World Malaria Day 2018

25 April 2018, New Delhi, India

Dear colleagues and friends,

You have already heard from Dr Swarup that this is the last public health event in this building. It is nevertheless an event of deep importance.

As many of you will appreciate, malaria is a disease that has affected the South-East Asia Region for millennia. Today it is a challenge we know we can beat.

Being ready to do just that – to beat malaria – is the theme of this year’s World Malaria Day. That theme reflects our collective drive towards the Region’s 2030 elimination target, and is also aligned with the recently signed Ministerial Declaration on Accelerating and Sustaining Malaria Elimination in the South-East Asia Region.

In recent years we have made remarkable progress. As detailed in the 2017 World Malaria Report, since 2010 the Region’s reported malaria incidence has been slashed by half. Associated mortality has declined by 60%. Two countries in the Region – Maldives and Sri Lanka – have already beaten indigenous malaria transmission and been certified malaria-free.

A number of the Region’s Member States are ready to do the same.

In 2016 four Member States recorded fewer than 10 000 cases. Bhutan and Timor-Leste have reported zero malaria deaths since 2013 and 2015 respectively. Eight of the Region’s nine malaria endemic countries are on course to reduce malaria cases by at least 40% by 2020. Three Member States – Bhutan, Nepal and Timor-Leste – are identified as having the potential to interrupt local malaria transmission by the same date. Importantly, all have taken steps to align national malaria control programmes with the WHO Global Technical Strategy for Malaria, which came into effect in 2016 and will guide global efforts through to 2030.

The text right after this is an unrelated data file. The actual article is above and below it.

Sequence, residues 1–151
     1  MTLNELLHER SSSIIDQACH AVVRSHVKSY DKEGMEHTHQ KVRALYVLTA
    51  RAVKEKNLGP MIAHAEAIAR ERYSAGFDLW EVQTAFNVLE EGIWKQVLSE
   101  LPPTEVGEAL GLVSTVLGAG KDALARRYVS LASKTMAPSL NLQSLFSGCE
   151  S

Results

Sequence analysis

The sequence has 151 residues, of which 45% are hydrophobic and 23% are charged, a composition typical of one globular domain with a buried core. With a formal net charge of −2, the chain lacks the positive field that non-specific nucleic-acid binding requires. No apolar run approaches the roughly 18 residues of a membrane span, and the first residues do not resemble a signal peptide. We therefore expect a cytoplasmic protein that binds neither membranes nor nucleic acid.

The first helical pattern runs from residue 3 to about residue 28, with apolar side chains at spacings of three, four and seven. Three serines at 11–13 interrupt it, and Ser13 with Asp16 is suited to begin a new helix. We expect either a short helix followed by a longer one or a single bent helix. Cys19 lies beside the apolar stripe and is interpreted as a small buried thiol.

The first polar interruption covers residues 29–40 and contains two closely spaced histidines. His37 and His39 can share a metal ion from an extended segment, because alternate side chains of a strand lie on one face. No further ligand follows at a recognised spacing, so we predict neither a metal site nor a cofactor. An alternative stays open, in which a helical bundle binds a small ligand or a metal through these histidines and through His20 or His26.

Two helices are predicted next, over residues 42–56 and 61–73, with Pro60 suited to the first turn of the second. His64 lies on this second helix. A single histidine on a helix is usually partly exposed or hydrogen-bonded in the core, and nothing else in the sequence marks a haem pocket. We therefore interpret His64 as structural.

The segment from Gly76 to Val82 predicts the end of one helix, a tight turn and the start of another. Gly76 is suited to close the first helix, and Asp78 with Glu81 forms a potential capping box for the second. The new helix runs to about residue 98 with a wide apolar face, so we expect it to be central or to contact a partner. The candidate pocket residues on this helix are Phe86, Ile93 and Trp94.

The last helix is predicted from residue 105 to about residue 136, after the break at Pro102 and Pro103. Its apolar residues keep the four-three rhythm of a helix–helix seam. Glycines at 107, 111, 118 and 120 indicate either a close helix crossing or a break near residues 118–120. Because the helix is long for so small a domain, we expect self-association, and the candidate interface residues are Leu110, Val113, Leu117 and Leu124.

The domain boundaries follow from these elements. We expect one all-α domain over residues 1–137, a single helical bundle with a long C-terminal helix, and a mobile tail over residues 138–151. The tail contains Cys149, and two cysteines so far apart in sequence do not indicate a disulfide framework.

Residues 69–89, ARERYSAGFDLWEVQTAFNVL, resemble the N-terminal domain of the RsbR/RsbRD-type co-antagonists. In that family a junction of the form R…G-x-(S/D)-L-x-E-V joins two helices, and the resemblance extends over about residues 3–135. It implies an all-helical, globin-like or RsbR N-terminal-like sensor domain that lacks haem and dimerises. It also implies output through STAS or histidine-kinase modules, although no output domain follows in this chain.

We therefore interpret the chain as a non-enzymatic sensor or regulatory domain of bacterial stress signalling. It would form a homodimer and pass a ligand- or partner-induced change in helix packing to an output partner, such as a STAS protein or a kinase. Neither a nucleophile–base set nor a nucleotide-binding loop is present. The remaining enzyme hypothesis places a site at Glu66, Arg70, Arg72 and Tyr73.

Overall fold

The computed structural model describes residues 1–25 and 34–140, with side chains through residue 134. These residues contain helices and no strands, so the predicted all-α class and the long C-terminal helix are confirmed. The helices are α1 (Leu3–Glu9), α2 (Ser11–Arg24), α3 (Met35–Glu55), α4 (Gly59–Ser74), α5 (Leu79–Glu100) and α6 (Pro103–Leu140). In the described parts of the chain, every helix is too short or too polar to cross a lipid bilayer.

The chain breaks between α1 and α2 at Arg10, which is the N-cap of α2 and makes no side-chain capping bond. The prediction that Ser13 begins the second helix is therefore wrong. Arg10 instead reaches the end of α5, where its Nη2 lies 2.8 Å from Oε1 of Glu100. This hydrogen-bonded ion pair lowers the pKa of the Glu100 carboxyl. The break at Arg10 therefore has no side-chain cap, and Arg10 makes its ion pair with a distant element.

Nevertheless, dear colleagues, the South-East Asia Region remains the second most malaria-affected Region in the world. Across our Region 1.35 billion men, women and children are at risk of the life-threatening disease. Our Region accounts for 58% of the global burden of Plasmodium vivax malaria, while in 2016 63% of the Region’s malaria cases were from Plasmodium falciparum – the most deadly malaria parasite.

At the same time as celebrating our historic advances, then, we must also reflect on the need to confront the many challenges we face. Notably, we are not alone in facing those challenges. Indeed, after years of steady progress the global fight against malaria appears to have stalled. Since 2010 the malaria incidence rate fell by 18% – a pace too slow to reach the 2020 target of a 40% reduction in malaria incidence. In 2016 the number of estimated malaria deaths worldwide was largely the same as in 2015, while the number of reported malaria cases increased.